Yes, Facebook did deliberately share your data with over 60 companies

Patrick Devaney


A New York Times investigation has revealed that Facebook has been purposely sharing your information. The findings, which Facebook has since confirmed in a blog post, show that Facebook reached an agreement to share user data including religion, relationship status, and political inclination with around 60 companies. These companies include the likes of Blackberry, Microsoft, Apple, and Samsung. The investigation also alleges that Facebook even gave access to user’s friends’ data, without consent.

Responding to the New York Times report, Facebook claims that the sharing of your information was legitimate and above board. According to Facebook, the agreement goes back years to a time when mobiles had app stores. Facebook agreed to share your data with third-party mobile manufacturers to facilitate the creation of bespoke Facebook experiences on their respective devices.

Image via: Facebook

Of the deal, Facebook’s VP of Product Partnerships, Ime Archibong, said:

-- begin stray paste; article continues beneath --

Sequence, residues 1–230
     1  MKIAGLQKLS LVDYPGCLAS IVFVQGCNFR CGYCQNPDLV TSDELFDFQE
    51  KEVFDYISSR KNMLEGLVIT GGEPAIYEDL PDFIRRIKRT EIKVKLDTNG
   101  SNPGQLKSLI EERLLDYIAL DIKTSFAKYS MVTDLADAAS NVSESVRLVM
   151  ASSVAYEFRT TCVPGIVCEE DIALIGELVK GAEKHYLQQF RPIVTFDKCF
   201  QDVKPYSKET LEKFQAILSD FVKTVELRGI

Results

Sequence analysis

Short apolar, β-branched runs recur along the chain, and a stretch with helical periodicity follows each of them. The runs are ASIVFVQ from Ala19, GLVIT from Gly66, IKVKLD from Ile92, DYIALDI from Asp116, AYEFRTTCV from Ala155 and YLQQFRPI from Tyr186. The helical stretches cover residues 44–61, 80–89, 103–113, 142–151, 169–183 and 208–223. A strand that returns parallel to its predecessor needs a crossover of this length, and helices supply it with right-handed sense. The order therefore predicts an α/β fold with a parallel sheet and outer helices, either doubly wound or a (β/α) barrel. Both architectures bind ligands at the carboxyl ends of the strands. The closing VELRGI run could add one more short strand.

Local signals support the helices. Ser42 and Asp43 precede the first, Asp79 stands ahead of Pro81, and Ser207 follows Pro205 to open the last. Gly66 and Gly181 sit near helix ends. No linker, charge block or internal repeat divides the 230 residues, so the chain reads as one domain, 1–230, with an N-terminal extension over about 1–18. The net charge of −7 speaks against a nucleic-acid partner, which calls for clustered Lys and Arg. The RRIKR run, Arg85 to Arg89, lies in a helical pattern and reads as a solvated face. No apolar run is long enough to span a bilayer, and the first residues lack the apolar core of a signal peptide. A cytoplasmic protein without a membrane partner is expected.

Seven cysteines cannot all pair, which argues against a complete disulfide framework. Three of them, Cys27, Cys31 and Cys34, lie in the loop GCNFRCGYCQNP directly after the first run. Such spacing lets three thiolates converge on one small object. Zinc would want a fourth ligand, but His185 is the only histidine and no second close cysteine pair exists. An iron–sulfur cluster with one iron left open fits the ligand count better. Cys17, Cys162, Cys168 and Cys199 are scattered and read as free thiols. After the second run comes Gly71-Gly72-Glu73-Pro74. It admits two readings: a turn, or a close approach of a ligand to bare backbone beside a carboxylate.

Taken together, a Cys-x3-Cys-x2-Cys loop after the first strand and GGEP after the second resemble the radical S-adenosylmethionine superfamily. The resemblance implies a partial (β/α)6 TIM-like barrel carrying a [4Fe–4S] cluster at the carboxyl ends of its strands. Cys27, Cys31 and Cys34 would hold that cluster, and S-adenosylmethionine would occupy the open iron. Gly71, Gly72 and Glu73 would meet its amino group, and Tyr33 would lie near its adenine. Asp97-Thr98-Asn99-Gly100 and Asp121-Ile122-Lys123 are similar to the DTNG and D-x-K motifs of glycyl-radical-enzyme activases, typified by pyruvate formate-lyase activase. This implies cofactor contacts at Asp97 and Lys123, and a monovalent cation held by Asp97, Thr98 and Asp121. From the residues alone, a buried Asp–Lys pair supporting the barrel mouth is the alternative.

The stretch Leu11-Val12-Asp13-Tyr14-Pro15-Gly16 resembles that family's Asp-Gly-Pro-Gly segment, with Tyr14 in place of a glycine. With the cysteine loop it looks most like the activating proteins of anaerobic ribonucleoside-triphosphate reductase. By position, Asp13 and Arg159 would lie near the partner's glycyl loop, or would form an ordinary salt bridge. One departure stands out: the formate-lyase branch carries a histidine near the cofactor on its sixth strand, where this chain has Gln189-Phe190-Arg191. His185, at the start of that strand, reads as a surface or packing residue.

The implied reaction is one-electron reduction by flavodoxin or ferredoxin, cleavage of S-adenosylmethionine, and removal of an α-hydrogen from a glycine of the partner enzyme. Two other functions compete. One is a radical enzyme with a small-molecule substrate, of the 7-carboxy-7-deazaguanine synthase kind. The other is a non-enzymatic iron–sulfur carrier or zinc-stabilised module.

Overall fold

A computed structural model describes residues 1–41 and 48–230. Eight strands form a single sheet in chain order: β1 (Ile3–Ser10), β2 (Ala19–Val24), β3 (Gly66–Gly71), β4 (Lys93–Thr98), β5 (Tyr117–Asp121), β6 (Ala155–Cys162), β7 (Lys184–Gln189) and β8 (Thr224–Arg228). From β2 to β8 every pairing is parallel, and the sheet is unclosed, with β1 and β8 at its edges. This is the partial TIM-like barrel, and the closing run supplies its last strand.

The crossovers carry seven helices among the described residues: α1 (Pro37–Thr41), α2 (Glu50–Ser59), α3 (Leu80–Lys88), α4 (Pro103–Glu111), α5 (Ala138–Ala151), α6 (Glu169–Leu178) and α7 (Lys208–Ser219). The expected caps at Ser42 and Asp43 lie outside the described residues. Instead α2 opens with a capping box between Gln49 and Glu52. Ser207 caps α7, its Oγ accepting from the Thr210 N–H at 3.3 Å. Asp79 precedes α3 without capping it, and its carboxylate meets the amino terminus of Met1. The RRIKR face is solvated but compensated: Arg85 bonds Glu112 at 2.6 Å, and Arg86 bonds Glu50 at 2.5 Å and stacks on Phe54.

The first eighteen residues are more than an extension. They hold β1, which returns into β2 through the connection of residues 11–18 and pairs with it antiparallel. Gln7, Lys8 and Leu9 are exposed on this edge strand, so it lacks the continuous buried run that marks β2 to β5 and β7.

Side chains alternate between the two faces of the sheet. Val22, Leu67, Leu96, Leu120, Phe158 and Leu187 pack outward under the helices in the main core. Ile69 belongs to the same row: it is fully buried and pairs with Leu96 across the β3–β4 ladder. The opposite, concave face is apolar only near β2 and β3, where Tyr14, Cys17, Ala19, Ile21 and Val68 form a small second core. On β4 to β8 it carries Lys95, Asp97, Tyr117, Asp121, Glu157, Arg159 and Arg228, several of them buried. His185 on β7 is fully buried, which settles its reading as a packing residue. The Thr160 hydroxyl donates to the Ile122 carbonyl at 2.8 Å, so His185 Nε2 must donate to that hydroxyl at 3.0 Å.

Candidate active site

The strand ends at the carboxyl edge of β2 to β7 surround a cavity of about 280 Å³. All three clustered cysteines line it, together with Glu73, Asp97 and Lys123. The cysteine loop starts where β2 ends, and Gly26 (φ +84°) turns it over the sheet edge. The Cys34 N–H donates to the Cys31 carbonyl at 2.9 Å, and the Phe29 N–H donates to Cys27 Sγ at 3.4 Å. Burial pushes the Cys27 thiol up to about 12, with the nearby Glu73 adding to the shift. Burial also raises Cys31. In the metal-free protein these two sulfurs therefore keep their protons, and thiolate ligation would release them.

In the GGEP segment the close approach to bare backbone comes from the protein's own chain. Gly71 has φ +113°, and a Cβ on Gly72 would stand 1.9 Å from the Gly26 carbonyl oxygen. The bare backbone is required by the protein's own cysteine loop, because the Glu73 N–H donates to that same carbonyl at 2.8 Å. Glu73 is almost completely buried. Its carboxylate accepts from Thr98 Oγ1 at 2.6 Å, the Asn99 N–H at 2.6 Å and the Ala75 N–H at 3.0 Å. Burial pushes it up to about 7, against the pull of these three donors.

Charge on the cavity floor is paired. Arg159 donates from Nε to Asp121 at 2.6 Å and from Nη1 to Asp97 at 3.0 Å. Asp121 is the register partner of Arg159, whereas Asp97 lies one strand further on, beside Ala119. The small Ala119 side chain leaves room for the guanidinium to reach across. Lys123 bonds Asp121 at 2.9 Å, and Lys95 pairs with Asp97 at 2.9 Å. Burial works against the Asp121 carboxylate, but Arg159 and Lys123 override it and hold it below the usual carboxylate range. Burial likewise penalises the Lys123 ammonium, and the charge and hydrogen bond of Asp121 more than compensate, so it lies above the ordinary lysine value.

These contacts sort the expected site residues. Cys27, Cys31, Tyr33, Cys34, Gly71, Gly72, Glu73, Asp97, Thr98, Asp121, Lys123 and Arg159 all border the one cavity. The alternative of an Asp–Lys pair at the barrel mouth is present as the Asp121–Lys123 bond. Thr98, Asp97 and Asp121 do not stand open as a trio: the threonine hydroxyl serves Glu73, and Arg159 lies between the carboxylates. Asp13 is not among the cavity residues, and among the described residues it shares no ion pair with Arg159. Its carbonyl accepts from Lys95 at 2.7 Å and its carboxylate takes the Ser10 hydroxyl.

“These partners signed agreements that prevented people’s Facebook information from being used for any other purpose than to recreate Facebook-like experiences. Partners could not integrate the user’s Facebook features with their devices without the user’s permission.”

Archibong also went on to say that Facebook is satisfied with the agreement as it has no record of any partner abusing the deal. Facebook also denied including access to friends’ data, without consent, as a part of the deal saying:

“Contrary to claims by the New York Times, friends’ information, like photos, was only accessible on devices when people made a decision to share their information with those friends.”

Although Facebook has moved to address the findings of the report, people are still angry at the revelations. It looks like Mark Zuckerberg may have lied to Congress when he said users have complete control over who sees their data. One Senator called Facebook’s response completely unacceptable. Senator Richard Blumenthal, a Connecticut Democrat and ranking member of the Senate subcommittee on consumer protection said:

“I think this explanation is completely inadequate and potentially disingenuous… I think Mark Zuckerberg’s testimony raises very serious and severe questions about Facebook’s credibility.”

The Cambridge Analytica scandal still fresh in everybody’s minds and the company has been stumbling from one crisis to another since the revelations first broke. It is almost a matter of when and not if we’ll hear about the latest way that the social network has been exploiting our private data to facilitate its bottom line.

Do you believe Facebook’ VP of Product Partnership? Are you satisfied that your data was shared with third-party companies in an appropriate manner? Let us know in the comments below.

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